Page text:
Monday, June 2, 2014

To Answer Her Question


If you're anything like me, you frequently have the perfect come back…twenty minutes too late.
In this case, was 24 hours too late.
Friday night, my husband and I were at a banquet where we knew no one, so when we noticed a couple searching for a seat, we welcomed them to our table, hoping for some scintillating conversation from strangers.
Conversation inevitably led to “What do you do?” and when she found out I am a teacher,  she asked me what I thought of Governor Walker and all that’s happened in Wisconsin on the educational front these past few years.
“Do you really want to know what I think?” I asked/warned her. “Yes,” she said with sincerity.
I told her budgets are tight, red tape is thick, and morale is low. I told her that I’m not typically one for conspiracy theories, but with the educational legislation being passed (like course choice) it’s hard not to believe that the powers that be are attempting to dismantle public education, to privatize it.
Her response was “And what do you think of that?”
I was  a bit taken aback her question. Was she suggesting privatization would be a good thing? I was about to ask her to clarify when the emcee chimed in and our conversation ended.
And so, now, 24 hours later, I’d like finally to answer her question.
What do I think of privatizing public education?  
  • It’s exclusive. The aim of public education is to benefit all; the aim of privatization is profit for the few. Many charter schools, online academies and for-profit colleges have demonstrated this phenomenon by accruing enormous profits at the expense of their students (high dropout rates and astronomical student debt).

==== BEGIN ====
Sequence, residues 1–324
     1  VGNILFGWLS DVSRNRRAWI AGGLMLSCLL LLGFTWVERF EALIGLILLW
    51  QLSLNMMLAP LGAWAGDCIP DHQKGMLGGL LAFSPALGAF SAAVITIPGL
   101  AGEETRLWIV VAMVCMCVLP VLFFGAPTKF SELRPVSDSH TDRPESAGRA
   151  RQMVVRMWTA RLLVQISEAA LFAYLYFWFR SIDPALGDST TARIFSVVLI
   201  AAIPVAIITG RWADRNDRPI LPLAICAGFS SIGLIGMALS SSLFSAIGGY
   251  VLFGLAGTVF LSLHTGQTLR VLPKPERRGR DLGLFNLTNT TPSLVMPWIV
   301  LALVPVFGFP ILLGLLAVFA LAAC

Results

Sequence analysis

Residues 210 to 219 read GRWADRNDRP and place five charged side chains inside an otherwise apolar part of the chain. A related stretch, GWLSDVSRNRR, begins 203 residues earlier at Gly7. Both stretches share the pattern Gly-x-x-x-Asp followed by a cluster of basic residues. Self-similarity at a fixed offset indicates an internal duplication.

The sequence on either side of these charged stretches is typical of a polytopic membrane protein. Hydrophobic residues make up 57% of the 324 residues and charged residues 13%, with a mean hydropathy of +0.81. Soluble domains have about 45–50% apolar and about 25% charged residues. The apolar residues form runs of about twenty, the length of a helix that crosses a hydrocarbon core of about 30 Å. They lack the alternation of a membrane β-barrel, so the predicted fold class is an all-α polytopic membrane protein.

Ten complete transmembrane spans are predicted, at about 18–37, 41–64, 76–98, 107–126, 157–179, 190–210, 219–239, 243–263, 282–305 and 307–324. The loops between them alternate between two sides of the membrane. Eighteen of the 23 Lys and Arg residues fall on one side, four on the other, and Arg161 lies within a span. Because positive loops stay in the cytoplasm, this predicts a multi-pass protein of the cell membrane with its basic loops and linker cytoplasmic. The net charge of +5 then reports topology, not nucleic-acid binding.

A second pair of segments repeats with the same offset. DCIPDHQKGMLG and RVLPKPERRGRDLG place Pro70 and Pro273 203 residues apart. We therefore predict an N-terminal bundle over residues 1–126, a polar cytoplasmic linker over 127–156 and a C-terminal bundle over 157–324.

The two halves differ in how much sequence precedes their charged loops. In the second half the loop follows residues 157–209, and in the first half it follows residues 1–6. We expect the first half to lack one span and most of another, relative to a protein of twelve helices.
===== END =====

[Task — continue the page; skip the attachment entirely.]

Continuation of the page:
• It’s elitist. Privatizing education would increase the already existing problem of inequality among schools: the wealthiest areas have greater per student spending and superior resources for their schools. Privatization would exacerbate this problem: the have’s will have the means to attend the best schools and the have-nots will not. Marketplace 101: businesses cater to their wealthiest clientele.
  • It’s dehumanizing. Progressive movements in education strive to individualize the learning experience of each student; for-profit institutions are likely to treat students as widgets and strive to turn out the greatest possible quantity of widgets at the lowest possible cost.
  • It invites corruption. Privatization could result in an increasingly biased and unbalanced curriculum:  Should evolution be taught? the holocaust? human growth and sexuality? religion? All this and more could be decided by the highest bidder, the most influential corporate voice.
  • It’s dangerous to our democracy.  James Madison said “Knowledge will forever govern ignorance; and a people who mean to be their own governors must arm themselves with the power which knowledge gives.” Taking the public out of public education will jeopardize a knowledgeable electorate and the foundation of our democracy.
It’s true that public education needs reform, but privatization is not the answer.
So don’t throw the baby out, just the bathwater.
And that, 24 hours later, is my answer to her question.